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Publication numberUS5926493 A
Publication typeGrant
Application numberUS 08/859,416
Publication dateJul 20, 1999
Filing dateMay 20, 1997
Priority dateMay 20, 1997
Fee statusPaid
Publication number08859416, 859416, US 5926493 A, US 5926493A, US-A-5926493, US5926493 A, US5926493A
InventorsStephen O'Brien, Hanmin Zhao, Jo S. Major, Jr.
Original AssigneeSdl, Inc.
Export CitationBiBTeX, EndNote, RefMan
External Links: USPTO, USPTO Assignment, Espacenet
Prevents any significant oxide contamination during regrowth performance, broadens the gain bandwidth of tunable wavelengths
US 5926493 A
Abstract
Optical semiconductor devices with integrated diffraction gratings with higher quality are realized through the use of Al-free grating layers. AlGaAs/GaAs regime optical semiconductor devices, such as laser diodes or optical filters, conventionally utilize an AlGaAs grating layer that has a strong affinity for oxidation. Instead of a Al-containing layer, a quantenary, InGaAsP grating layer is utilized, lattice matched to the underlying AlGaAs/GaAs structure, substantially eliminating any problem of oxide contamination. Also, an Al-free, ternary InGaP grating layer is utilized in the InGaP/InGaAsP/GaAs material regime. The quantum well active region of these devices may also be modified to extend the gain bandwidth of operation of these devices to insure continued operation over a wider temperature range with the wavelength peak of the grating in that the wavelength peak of the grating more assuredly remains within the wavelength operating range of the device.
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Claims(26)
What is claimed is:
1. An optical semiconductor device comprising:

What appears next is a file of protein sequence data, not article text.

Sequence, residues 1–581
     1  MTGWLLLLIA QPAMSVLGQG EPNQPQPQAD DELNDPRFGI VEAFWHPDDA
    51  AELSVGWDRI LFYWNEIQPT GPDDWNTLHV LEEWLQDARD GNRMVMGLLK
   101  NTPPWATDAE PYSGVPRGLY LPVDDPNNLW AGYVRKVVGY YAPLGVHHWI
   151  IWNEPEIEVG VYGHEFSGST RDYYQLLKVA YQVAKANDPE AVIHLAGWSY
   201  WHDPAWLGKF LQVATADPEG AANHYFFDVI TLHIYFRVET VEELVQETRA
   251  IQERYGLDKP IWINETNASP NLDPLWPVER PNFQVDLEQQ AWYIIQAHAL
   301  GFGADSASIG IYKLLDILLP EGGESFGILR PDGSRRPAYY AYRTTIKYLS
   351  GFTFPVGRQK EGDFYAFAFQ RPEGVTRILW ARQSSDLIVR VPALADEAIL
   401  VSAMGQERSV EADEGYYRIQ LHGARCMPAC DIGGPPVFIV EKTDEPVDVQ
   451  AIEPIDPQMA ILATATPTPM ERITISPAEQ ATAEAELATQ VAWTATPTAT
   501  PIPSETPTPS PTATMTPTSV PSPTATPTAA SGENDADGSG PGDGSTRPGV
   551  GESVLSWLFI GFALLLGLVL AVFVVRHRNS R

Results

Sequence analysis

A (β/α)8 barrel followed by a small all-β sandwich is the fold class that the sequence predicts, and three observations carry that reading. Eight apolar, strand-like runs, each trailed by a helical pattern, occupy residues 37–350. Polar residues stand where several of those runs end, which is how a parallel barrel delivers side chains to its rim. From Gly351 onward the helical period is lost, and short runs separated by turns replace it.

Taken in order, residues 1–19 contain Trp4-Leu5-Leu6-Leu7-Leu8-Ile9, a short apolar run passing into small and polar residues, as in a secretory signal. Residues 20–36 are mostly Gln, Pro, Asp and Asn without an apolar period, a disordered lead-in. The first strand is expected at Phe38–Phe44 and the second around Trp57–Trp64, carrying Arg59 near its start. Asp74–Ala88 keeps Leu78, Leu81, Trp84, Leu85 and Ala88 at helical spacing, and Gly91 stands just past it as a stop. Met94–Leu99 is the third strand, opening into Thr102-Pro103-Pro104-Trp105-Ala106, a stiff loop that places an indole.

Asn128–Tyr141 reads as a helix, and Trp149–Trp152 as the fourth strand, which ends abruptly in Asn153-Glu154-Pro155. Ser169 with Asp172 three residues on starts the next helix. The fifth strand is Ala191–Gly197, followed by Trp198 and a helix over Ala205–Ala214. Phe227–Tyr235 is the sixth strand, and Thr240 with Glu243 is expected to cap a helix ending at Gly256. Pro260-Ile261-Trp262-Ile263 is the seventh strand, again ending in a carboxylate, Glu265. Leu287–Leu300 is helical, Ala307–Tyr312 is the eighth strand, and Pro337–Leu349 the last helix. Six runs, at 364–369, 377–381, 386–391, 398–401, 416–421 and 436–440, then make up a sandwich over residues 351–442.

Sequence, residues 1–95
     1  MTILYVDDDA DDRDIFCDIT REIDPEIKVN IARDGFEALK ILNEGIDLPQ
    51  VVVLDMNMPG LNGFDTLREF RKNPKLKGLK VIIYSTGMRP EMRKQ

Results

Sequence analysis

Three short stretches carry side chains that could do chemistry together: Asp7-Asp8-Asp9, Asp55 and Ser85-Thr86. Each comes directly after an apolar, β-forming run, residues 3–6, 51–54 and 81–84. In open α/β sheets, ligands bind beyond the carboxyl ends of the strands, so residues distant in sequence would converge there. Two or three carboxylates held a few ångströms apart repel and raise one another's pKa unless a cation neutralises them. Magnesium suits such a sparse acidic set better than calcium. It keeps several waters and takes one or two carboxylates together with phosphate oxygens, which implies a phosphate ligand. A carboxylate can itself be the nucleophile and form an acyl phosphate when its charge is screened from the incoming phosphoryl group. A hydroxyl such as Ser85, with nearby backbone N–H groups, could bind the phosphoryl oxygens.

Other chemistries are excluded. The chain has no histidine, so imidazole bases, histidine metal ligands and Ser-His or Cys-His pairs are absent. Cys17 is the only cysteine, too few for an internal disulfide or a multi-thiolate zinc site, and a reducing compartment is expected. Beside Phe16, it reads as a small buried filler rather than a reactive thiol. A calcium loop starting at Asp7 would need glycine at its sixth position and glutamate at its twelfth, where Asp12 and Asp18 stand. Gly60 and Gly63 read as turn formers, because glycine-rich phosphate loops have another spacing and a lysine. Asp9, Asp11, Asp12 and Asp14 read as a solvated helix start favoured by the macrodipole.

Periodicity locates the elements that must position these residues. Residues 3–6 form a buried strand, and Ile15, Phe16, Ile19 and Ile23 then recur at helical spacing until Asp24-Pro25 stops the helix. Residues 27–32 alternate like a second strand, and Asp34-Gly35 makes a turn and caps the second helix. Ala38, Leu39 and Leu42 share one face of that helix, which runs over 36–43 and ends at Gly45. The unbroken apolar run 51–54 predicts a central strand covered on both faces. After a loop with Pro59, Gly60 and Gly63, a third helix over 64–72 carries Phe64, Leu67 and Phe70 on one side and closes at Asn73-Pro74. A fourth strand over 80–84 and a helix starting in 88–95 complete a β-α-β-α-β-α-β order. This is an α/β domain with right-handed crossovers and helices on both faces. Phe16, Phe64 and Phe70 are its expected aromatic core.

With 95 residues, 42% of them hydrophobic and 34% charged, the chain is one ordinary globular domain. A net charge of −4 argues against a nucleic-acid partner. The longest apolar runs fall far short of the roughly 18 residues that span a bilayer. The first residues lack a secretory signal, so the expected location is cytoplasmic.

a plurality of layers of III-V compound semiconductor material including an active region between first and second cladding layers for guiding a propagating mode along said active region;
at least one of said layers formed comprising an Al-containing, III-V compound;
a diffraction grating formed in said device sufficiently close to said active region to interact with at least a portion of said propagating mode;
said grating formed in or at the boundary of a layer of Al-free III-V material.
2. The optical semiconductor device of claim 1 wherein said grating layer comprises InGaAsP or InGaP.
3. The optical semiconductor device of claim 2 wherein said active region contains at least one layer having Al.
4. The optical semiconductor device of claim 3 wherein said device is a DFB laser, DBR laser or an optical filter.
5. The optical semiconductor device of claim 2 wherein said cladding layers contain Al.
6. The optical semiconductor device of claim 5 wherein said device is a DFB laser, DBR laser or an optical filter.
7. The optical semiconductor device of claim 1 wherein said grating periodic or chirped.
8. The optical semiconductor device of claim 1 wherein said device has an active region containing AlGaAs and said grating comprises InGaAsP lattice matched to said active region.
9. The optical semiconductor device of claim 1 wherein said device has an active region containing InGaAsP and said grating comprises InGaP lattice matched to said active region.